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Those *#$(&! Deadlines

Dear Elizabeth:

I’m project managing 100 projects (seriously), and struggling. The main thing is deadlines – we have a fixed project deadline, but it’s largely in the control of our customers as we require information/feedback from them during the project.

How can I set a deadline so that I can see the original due date of the project, track how much time we’ve been actively waiting for a client to respond (so that inevitably when they ask “what’s taking so long” I can prove it’s the amount of time I’ve been waiting for them), and see how often we’ve had to shift the deadline and when? – Frazzled

Dear Frazzled:

100 projects! Good grief. When the responsibility for getting a task done is being passed among different groups, you can use workflows to manage the handoffs.

One of the best ways to do this is to offer your clients transparency over your project schedules. You can do this with online project management tools: Just set clients up as users with the permissions that are appropriate. Create tasks and name them explicitly, something like “Client review.” Then also add your client as a resource to the task to make it really visible. If you keep your schedule up to date you’ll be able to see when these tasks start and end, and work out the total waiting time that has been added to your plan as a result.

I would also schedule in follow-up time every week. You can either automate this with alerts around incomplete tasks (or your PM software might flag tasks that are at risk). But you can also block an hour in your calendar each week to follow up with clients for any outstanding tasks. Of course, you can do this in your planning tool if it allows for commenting.

If you’re not working with clients in a collaborative tool, then you can create templates to use for emails that communicate that the task needs input before moving forward. Plus, you can include a helpful “if you need any more information, just give me a call.” Normally I’d suggest calling each client individually but you can’t do that with 100 projects so the more you can copy and paste to save yourself time the better.

And to wrap this up, a few things to consider: How much notice do clients receive that you will be asking them for feedback? If the kinds of projects you do are relatively repetitive, you should be able to predict forward when you’ll need their input and give them warning. Can you create a calendar of important milestones when they’ll be receiving data from you so that they can anticipate and plan? Your clients might be more responsive if they know what’s expected of them in advance.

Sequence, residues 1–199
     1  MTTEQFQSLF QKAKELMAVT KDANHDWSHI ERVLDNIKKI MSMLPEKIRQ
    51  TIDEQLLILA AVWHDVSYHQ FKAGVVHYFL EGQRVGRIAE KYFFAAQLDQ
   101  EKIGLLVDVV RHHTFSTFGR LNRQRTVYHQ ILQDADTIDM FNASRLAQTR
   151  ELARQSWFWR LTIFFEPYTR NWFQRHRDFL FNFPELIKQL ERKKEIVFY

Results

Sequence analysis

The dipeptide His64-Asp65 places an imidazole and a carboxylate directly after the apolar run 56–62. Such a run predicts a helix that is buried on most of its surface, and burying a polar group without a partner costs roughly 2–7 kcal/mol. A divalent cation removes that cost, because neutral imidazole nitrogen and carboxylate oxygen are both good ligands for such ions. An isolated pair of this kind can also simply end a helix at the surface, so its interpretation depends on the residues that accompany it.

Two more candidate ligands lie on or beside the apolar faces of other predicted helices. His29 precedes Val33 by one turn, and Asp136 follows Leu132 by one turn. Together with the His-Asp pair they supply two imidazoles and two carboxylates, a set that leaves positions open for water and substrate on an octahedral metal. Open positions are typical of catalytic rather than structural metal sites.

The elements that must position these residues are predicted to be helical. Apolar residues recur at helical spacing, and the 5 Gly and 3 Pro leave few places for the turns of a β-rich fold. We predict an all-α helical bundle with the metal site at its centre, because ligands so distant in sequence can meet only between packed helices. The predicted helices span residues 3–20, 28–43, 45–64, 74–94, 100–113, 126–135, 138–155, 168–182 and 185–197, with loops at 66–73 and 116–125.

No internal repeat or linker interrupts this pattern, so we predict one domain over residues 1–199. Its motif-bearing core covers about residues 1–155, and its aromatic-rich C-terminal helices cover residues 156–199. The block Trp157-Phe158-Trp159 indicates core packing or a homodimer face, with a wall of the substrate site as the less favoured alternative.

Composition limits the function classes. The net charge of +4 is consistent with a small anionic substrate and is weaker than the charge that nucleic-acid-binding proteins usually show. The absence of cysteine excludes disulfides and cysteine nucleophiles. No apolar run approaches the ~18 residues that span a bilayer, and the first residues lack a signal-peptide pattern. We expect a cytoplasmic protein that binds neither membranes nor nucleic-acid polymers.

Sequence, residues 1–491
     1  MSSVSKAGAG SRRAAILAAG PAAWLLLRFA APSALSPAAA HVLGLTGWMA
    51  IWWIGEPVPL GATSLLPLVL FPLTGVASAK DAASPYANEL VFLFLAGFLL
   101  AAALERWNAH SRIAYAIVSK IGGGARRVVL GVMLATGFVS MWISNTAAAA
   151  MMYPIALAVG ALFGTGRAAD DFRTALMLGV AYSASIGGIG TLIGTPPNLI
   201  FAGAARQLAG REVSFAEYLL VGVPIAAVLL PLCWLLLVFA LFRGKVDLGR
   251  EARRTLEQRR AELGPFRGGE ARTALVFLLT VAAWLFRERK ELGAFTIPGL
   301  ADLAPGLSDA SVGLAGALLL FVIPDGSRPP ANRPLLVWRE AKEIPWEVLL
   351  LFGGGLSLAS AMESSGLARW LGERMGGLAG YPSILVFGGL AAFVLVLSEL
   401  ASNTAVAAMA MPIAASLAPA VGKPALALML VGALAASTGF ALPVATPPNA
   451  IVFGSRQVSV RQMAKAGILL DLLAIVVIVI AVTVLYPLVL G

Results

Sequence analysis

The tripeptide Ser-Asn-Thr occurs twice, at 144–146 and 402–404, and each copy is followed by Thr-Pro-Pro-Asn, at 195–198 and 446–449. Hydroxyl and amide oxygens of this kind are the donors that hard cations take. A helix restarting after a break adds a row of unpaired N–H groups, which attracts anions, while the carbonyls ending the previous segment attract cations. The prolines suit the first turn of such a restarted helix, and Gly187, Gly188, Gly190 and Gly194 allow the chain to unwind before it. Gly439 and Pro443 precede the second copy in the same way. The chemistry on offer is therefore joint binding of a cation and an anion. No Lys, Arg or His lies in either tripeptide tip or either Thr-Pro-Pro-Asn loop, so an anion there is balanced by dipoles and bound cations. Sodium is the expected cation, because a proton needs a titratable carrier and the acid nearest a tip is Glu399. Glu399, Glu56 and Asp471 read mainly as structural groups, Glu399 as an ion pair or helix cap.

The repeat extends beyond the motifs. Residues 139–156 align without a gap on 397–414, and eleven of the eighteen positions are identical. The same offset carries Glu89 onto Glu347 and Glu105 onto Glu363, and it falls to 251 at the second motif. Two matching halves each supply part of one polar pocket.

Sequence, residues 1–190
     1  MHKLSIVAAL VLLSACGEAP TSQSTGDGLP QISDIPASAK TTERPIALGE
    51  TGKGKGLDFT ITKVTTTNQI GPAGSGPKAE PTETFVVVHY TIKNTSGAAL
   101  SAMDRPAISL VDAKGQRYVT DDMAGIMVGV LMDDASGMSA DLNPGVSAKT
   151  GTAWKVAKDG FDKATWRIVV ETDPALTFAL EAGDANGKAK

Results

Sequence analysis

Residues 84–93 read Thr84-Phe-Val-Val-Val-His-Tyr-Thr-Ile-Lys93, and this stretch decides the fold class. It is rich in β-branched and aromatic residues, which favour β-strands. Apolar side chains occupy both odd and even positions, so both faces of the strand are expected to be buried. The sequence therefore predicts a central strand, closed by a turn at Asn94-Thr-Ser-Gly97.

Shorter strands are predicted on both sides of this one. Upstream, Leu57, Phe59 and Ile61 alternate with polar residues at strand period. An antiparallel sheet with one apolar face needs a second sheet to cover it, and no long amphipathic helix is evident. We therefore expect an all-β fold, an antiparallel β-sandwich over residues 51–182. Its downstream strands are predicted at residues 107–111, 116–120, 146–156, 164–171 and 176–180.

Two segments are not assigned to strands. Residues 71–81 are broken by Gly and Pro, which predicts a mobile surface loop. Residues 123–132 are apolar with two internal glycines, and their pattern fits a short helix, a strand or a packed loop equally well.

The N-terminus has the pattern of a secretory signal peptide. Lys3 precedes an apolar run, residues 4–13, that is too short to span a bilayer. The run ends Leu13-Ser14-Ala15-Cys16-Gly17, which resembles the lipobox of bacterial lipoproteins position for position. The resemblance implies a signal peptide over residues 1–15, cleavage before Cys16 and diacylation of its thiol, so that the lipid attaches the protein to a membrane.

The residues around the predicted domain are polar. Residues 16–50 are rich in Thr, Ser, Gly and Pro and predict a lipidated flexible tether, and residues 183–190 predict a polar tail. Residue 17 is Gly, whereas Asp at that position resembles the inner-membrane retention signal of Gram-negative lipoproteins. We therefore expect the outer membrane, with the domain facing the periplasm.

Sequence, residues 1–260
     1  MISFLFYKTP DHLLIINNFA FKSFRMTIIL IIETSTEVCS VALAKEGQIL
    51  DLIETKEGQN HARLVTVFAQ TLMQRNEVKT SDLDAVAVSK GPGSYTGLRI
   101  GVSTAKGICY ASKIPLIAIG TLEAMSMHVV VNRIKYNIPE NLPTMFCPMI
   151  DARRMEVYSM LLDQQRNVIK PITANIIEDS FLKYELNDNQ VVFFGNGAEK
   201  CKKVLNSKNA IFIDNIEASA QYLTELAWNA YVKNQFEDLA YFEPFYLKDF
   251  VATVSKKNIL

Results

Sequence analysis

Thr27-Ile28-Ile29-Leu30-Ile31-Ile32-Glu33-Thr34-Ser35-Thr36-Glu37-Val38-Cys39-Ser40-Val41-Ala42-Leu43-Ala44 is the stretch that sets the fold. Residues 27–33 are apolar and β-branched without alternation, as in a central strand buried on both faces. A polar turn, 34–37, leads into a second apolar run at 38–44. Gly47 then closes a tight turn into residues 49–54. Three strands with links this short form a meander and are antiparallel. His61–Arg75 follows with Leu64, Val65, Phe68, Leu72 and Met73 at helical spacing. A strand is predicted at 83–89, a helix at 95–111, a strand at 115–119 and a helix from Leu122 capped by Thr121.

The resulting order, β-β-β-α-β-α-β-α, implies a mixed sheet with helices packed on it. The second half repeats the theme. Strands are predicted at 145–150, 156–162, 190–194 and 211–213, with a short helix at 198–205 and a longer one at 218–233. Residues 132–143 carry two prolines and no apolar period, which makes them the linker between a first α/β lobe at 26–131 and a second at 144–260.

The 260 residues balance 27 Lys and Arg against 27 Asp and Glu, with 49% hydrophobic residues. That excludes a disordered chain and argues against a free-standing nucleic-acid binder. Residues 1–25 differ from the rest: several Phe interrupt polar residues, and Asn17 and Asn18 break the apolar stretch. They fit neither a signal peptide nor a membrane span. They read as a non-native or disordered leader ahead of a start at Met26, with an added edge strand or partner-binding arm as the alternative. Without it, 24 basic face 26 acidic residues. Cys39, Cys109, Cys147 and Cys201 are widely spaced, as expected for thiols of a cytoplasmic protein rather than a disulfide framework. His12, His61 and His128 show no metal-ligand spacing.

As for seeing how many times you have had to shift the deadline: Look into using baselines on your project schedule. Baseline reports are a huge help in working out when your dates changed, and they’ll help you see how often you had to make a change to reach your final milestones.

Every month, project management expert, Elizabeth Harrin, fields readers’ questions about the challenges, risks, and rewards of project work on the LiquidPlanner blog. This selection is used with permission.


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2 Comments
  1. Frazzled, this sounds like the perfect time to learn simple schedule baseline & variance. In MS Project (desktop or other versions) there is built-in functionality to take a snapshot (baseline) of the agreed schedule dates and then see a report as time passes to understand what is drifting and by how much. Don’t overthink it. Use the webinars & info on this site to learn the nuts & bolts of doing this. Don’t worry about interim plans or trying to capture the ultimate level of precision with advanced maneuvers right off the bat. You will need to define predecessor tasks, so the lateness of X pushes out Y and it will be easy to see the impact of dates sliding. Sometimes clients will listen better to “Mr. Gantt” and the report than a person nagging them. You can approach the situation with facts. If you don’t approve X by end of the month, the rest of this whole workstream will be delayed by Y amount and run up extra costs or use up resource hours that were planned for other work. You can do it! Don’t try to do it on 100 projects at once until you feel sure about the process. If there is a schedule change order approved, then re-baseline the affected part of the plan. Let the built in reporting calculate & display for you.

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  2. This is an opportunity to discuss the concept of contingency with your client(s). Get them to agree to a nominal contingency of duration and add those contingency days to the schedule as a task starting on the project start date. Also identify in your schedule client turnaround times for decisions. Make sure you use predecessors and successors to define the critical path. Let’s say you have agreed to 10 days contingency and 3/4 into the project the client has blown through their allocated task duration by 3 days on the last checkpoint (for example). Take 3 of the 10 days from the contingency and add it to the checkpoint. If you go through all of the contingency, then you will have to let the client know that the project will not deliver as expected. Also, use the Deadline feature (Task Information Dialog, Advanced tab). A blown deadline automatically puts that task on the critical path.
    The key here, as in all of Project Management, is communications – communicate why you are doing what you are doing, then communicate during the process.

    Hope this helps.

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